human-I-T Press Release

How One Truck Helped human-I-T and GM Enable Remote Learning in Detroit

On March 26, 2021, human-I-T staff parked a Chevrolet Suburban High Country SUV next to a small building in Detroit’s historic Mexicantown neighborhood. In the building, Detroit nonprofit Southwest Solutions runs its Adult Learning Lab. Piled into the back of the SUV were one hundred laptops reserved for individuals served by Southwest Solutions’ adult literacy, mental health counseling, job training, homeownership assistance, and veteran programs.

The laptops were provided in collaboration with our partner, General Motors. According to Data Driven Detroit, roughly 25% of Detroit households lacked internet access in 2018, but that number could represent up to 40% of residents. This staggering figure is underscored by The National Digital Inclusion Alliance’s (NDIA) ranking of Detroit's connectivity rate as the lowest nationally among large cities. 

The onset of the COVID-19 pandemic only highlighted the scale and impact of the digital divide in Detroit, as suddenly almost every facet of day-to-day life required access to a personal computer and the internet. This dramatic shift is especially hard for low-income families and individuals receiving vital services from nonprofits like Southwest Solutions.

“Because of the COVID crisis, we had to transition many of our programs to online service delivery,” said Sean de Four, President and CEO of Southwest Solutions (SWS). “The digital divide in our community has made it difficult for many of our consumers to access the important services they need.”

Recognizing the need its clients were facing, SWS approached GM to help find a solution to assist its clients. GM had already been collaborating with human-I-T since our mid-2020 arrival in Detroit, thanks to a $1.3 million grant from GM that inspired other digital divide leaders in the city to support human-I-T.

“The launch of human-I-T’s Detroit warehouse could not have come to the city at a better time as the pandemic showed us just how important it is to be connected,” said Lori Wingerter, Chief Philanthropy Officer at General Motors and Connect 313 Board Member. “We’re excited to collaborate with Southwest Solutions to continue to put tech to work for Detroiters.”

The existing partnership between GM and human-I-T allowed us to connect with SWS, identify their needs, quickly source laptops from businesses in Detroit, and prepare them for redistribution.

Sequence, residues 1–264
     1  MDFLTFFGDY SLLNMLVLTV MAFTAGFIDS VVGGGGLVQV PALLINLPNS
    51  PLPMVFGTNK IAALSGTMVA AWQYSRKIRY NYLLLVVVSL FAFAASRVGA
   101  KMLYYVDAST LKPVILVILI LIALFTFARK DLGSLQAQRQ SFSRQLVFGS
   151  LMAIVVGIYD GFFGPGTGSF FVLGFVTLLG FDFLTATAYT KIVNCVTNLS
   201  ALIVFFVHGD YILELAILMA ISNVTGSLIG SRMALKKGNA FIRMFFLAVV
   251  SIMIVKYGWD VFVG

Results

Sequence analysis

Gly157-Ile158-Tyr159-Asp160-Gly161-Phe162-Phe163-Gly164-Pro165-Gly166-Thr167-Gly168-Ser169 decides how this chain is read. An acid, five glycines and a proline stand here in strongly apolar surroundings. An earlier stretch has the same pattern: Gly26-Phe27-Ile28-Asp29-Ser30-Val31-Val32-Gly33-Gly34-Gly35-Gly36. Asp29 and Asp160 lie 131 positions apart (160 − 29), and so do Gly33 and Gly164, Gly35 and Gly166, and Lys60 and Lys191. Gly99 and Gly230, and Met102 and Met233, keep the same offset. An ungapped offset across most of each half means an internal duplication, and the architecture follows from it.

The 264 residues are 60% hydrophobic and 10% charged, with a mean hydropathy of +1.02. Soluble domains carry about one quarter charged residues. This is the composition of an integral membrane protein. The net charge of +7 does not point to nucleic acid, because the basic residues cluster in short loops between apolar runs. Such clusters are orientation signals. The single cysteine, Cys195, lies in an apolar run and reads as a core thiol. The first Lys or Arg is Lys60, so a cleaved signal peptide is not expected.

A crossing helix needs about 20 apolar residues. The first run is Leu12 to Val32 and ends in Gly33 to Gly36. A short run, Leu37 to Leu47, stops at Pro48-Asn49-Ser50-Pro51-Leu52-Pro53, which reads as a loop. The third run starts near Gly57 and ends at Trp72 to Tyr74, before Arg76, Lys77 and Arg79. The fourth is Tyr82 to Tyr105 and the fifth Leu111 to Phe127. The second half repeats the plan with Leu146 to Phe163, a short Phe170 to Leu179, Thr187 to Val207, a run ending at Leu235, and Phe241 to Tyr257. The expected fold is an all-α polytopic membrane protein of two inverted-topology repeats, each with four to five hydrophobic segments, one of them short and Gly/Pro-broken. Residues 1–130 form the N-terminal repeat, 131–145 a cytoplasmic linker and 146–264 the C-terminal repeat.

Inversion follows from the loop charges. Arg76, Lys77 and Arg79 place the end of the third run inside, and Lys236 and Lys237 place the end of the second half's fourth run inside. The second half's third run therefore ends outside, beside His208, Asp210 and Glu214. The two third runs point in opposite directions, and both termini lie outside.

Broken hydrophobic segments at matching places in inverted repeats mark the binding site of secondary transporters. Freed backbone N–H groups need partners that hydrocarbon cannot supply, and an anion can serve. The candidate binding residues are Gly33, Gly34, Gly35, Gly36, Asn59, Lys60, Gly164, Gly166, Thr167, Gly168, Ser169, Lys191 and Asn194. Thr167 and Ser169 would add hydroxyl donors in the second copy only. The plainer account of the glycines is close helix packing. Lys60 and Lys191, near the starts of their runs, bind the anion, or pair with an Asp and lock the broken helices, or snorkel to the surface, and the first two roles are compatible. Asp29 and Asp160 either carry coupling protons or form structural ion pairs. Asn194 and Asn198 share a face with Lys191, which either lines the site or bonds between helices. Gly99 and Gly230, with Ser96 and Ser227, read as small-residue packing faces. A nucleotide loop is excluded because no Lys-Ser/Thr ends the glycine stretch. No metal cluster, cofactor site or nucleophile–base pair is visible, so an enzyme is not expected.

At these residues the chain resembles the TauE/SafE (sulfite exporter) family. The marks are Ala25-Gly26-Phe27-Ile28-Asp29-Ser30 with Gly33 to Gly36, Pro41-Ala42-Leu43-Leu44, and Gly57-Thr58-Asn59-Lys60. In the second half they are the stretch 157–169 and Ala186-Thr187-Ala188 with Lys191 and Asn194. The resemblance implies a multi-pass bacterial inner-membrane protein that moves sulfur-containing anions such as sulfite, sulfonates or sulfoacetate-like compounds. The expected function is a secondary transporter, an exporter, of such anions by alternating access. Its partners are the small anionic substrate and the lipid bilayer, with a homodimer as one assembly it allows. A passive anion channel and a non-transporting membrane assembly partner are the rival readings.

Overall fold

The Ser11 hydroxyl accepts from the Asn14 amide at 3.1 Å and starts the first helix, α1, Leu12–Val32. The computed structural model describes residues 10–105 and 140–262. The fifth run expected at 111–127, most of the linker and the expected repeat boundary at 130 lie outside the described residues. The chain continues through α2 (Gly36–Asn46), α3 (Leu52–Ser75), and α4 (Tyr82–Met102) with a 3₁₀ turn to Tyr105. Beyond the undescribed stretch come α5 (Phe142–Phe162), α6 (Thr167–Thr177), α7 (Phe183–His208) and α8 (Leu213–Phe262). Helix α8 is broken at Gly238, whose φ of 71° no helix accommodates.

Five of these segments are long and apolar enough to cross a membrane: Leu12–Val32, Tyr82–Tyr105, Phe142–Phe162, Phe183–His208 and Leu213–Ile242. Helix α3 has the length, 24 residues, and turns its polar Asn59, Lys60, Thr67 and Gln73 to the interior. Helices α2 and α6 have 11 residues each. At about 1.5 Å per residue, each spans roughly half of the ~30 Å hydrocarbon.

However, while having access to technology is a necessary first step in becoming a digital citizen, it’s not sufficient by itself. Becoming fully connected requires understanding how to use the technology and having the resources to fix problems as they arise. For these reasons, human-I-T provides all laptop recipients with warranty and tech support for one year. 

On the day of the laptop donation event, the recipients joined the staff of SWS and human-I-T in the Adult Learning Lab for a few words from the organizations’ leaders before getting their devices. 

Standing in front of the devices and local press, Sean de Four briefly spoke about how these devices would benefit the individuals that SWS serves. “We know you all will put these computers from human-I-T to good use,” de Four said. “We know how hard you’re all working to improve your lives and your circumstances to live a whole life.”

“Days like today are what human-I-T is all about, it’s really a culmination of all of our hard work,” said Gabe Middleton, CEO and Co-Founder of human-I-T. “These are more than just laptops in these boxes. They’re tools of opportunity. They’re tools for curiosity and discovery. They’re tools to help people grow. But never forget that the purpose of that growth is that one day you can give back and pay it forward.”

After the remarks, both organizations began distributing the devices. For recipients like Charles Montegue, a Detroit native and Air Force veteran, receiving this laptop had deep personal meaning. 

“This [laptop] will help me video chat with my doctor, and also with my sons in England and Japan,” Charles said. “It’ll also let me see my grandkids clowning around. Right now, I’m trying to do it all over the phone, and it’s just not the same. [It] is a big life changer.”


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